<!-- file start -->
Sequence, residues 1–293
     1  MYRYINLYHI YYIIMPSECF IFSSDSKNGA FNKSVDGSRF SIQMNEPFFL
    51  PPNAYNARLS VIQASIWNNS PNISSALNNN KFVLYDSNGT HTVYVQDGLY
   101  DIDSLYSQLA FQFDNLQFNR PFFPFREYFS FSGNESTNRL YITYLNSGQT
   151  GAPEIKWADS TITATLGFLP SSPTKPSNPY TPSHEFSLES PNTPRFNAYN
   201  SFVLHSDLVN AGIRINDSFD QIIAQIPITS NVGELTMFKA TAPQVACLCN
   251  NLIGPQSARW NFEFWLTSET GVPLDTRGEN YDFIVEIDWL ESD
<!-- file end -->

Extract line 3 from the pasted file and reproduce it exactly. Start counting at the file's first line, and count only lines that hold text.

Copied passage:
    51  PPNAYNARLS VIQASIWNNS PNISSALNNN KFVLYDSNGT HTVYVQDGLY